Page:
print 'e', e

n = eval('0x' + ''.join(['%02X' % f(x) for x in parts[2]]))
print 'n', n

I have to confess I haven't sorted this out completely yet. Nevertheless, it allows us to convert the RSA public key from ssh-keygen to an integer:


> python
e 35
n 146787154640181728129549360865206451974125178122992752499327844555082827713683060312609720092642289502088305950292885968241446393671268243539585900329449529436170858131743078225065287541399805133121852823856839448386268013284889428740476278604926908637093742329548018673369795976229837442944484597101722964351

I want to finish by showing that these values are actually correct, and tie the whole thing back to an earlier discussion of the mathematics of public key cryptography.

I found a module for Python that handles RSA cryptography.

One very nice thing about it is that it's pure Python. It might not be fast, but there's nothing to do to build it. (I used easy_install). It turns out that the rsa module can read the private RSA key that we got earlier (top of the post), but not the public key (which is why I learned everything that's come before this point):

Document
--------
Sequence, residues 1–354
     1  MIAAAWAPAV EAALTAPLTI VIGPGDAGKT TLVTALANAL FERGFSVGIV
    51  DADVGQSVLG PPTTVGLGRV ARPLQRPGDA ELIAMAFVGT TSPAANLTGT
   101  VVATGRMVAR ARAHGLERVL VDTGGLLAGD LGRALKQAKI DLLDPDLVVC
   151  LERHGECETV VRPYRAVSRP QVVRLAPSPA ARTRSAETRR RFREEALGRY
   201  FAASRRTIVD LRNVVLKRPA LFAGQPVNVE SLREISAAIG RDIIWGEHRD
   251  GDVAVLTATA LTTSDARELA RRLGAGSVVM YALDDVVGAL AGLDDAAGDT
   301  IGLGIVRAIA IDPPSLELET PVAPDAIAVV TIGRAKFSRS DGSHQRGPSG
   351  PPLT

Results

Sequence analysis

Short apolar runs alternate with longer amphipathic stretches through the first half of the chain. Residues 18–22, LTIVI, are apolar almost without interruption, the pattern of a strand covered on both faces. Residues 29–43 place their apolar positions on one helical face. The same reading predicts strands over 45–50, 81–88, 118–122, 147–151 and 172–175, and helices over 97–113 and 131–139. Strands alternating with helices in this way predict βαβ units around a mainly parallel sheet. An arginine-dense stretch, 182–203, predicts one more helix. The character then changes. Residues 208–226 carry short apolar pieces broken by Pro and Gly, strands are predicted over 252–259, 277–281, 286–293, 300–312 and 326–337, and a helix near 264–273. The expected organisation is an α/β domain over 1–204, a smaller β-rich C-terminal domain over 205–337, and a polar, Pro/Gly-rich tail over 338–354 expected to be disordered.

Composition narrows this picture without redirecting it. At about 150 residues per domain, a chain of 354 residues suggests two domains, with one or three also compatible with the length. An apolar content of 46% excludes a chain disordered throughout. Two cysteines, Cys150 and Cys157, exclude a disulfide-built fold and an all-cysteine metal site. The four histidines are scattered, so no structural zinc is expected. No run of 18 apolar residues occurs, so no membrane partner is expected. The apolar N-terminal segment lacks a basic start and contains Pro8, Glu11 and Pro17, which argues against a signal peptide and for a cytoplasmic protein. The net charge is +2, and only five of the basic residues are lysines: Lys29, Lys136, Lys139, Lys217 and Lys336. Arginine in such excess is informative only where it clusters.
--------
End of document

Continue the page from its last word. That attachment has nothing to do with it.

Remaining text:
> python
Python 2.7.1 (r271:86832, Jun 16 2011, 16:59:05) 
[GCC 4.2.1 (Based on Apple Inc. build 5658) (LLVM build 2335.15.00)] on darwin
Type "help", "copyright", "credits" or "license" for more information.
>>> import rsa
>>> with open('id_rsa') as f:  data =
>>> data.split()[4][:50]
>>> k = rsa.PrivateKey.load_pkcs1(data)
>>> k.n
>>> k.e
>>> k.d
>>> k.p
>>> k.q
>>> k.n == k.p * k.q

You can see that n equals p * q and that it matches what we eventually obtained from the public key file ( above. That's pretty cool.

Still to do: use the keys to do encryption and decryption and check that the math is right. Figure out how the hash/digest is done. And figure out how the passphrase is used to modify the private key file. We can even add a passphrase at this point to the old version:

ssh-keygen -f id_rsa -p

I used 'abcde' as a passphrase (weak!):

> cat id_rsa
Proc-Type: 4,ENCRYPTED
DEK-Info: AES-128-CBC,FB4D3BD371510C4B37552EF6E949CC48